The landscape was idyllic, filled with tree studded mountains and lush,green planted fields. We were on our way to the Liacom primary school on one of those rocky, pitted dirt roads that are more suitable for cattle than moving vehicles. Simon wanted to show me how poor the remote village schools were so we took our bag of dresses, and shorts and bought 200 ball point pens and headed up the mountain..We parked on the road and walked down the dirt path through the trees to a field of green. A typical village school, with barefoot children, some wearing worn out flip flops and dirty uniforms. It is almost impossible to talk with them since they are so afraid of grownups and barely understood English.
With dresses and boys ‘s shorts donated by dressagirlaroundtheworld.com, we picked out 24 girls and 7 boys and began helping them try the clothes on. Whether it was fear, shock or surprise, the kids were mute, except for a tiny little boy who began crying when we tried to put the shorts on him. Finally his 7 year old brother took him out of everyone’s sight and changed his pants.
Most of the parents here scream at their children and smack them with a stick, usually for reasons that have more to do with the parent. They are the punching block for all the frustration and problems mom or dad (if there is one) feel. Most of the people living in these rural villages earn less than $5 a month, eat what they grow, usually beans and maize and gather water from a stream. One of the five year olds had ringworm on his scalp but when I pointed it out to the teachers they just shrugged. Poverty breeds disease. As we left the school, I asked if the water tap in front of me worked. It had never been connected to the line so the school had no water. I promised to hook it up as soon as we could.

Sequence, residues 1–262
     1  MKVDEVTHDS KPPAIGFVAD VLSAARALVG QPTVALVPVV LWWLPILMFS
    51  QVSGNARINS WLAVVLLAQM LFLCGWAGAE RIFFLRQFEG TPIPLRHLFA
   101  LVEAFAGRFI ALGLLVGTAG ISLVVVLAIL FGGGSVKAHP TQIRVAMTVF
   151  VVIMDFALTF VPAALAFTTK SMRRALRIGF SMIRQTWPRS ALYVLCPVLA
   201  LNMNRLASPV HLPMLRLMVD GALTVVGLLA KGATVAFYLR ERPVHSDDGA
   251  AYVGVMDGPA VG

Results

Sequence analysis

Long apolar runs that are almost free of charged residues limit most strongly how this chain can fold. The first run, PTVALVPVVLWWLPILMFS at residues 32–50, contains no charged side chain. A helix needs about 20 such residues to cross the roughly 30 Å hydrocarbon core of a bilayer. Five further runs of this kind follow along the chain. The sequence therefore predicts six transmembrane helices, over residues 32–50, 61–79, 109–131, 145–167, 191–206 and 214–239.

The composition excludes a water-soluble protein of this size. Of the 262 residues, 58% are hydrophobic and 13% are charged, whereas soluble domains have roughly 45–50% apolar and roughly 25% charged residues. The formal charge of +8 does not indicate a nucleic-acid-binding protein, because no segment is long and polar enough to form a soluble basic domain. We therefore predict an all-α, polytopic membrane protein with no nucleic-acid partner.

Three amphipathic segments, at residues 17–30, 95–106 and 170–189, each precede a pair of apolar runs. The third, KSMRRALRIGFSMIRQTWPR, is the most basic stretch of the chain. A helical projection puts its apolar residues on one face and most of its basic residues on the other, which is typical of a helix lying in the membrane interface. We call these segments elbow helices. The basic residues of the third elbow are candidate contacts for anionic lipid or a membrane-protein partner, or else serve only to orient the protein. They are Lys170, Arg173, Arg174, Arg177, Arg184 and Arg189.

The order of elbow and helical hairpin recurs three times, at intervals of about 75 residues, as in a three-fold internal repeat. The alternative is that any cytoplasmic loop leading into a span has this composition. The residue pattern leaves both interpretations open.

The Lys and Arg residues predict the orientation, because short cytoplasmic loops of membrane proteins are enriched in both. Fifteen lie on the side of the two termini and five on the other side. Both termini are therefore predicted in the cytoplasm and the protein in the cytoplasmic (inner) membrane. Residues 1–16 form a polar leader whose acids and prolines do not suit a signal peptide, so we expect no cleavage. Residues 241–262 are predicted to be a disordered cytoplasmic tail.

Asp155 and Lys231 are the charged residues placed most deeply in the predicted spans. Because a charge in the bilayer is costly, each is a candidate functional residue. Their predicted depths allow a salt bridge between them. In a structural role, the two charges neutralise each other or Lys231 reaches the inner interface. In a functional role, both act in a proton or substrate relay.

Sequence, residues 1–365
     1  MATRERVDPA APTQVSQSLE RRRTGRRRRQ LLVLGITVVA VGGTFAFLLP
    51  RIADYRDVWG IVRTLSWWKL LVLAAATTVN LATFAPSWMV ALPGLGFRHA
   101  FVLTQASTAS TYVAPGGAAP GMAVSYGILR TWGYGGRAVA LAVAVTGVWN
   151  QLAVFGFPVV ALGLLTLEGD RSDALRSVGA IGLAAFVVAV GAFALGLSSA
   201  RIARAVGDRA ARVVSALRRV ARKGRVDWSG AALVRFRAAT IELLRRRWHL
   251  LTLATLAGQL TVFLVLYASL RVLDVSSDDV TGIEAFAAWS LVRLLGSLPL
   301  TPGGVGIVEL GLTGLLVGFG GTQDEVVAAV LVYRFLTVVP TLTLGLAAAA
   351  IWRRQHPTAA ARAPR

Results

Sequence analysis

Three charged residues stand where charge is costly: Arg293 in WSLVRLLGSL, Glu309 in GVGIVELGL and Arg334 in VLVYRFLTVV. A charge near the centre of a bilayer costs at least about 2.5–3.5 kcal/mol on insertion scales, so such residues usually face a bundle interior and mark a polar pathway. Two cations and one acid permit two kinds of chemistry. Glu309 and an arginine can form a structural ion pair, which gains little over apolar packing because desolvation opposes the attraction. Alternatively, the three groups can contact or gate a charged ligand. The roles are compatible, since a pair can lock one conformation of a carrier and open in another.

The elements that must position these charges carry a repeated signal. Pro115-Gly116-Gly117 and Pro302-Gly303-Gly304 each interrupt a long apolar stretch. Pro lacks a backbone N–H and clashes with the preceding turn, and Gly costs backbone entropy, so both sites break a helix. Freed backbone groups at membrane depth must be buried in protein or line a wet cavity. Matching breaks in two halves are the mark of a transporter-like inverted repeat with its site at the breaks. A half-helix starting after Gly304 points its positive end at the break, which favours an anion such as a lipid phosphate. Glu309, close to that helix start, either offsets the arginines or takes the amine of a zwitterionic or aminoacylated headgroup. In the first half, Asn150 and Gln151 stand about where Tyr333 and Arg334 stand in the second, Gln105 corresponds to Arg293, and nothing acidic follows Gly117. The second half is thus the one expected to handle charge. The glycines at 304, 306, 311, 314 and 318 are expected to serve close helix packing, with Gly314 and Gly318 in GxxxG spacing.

The woman who had organized the Widows and orphans group had 8 children, the youngest was 13 and was HIV positive. The child was born after she and her husband were diagnosed in 2000 with HIV. When I asked the woman why she
had another child knowing she was HIV, she said no one told them not to. The husband died in 2000. She has been on meds but the child does not qualify because her T-cell count is 800 even though she is positive. To qualify for free HIV medicine, a T-cell count of 350 or less is required. Even if the HIV test is sometimes given free, the lab work to get the T-cell number is not and costs between 5000-10,000 franc($10-$20 or half a month’s earnings). Few can afford this so they don’t get the meds and get sick and die. Or if the count goes below 350, their immune system is close to full-blown AIDS and many don’t survive even with the pills. Why doesn’t everyone get the medicine when they test positive? The lab tech at the hospital in Fundong explained the government doesn’t have enough pills even though they are donated by WHO, the Bill Gates Foundation and numerous other organizations.
It is a known fact among NGOs, that a percentage of HIV medicine given to African governments is pilfered and sold on the black market. When I asked someone why the donors don’t distribute the AIDS medicine themselves, I got the absurd response,” We want the African governments to be involved in their HIV programs”.
I gave the woman 5000 cfa ($10) to get a current count for her daughter who had a recurring rash on her legs that the doctors at the hospital seemed unconcerned about. I am waiting to hear what her T-cell count is now.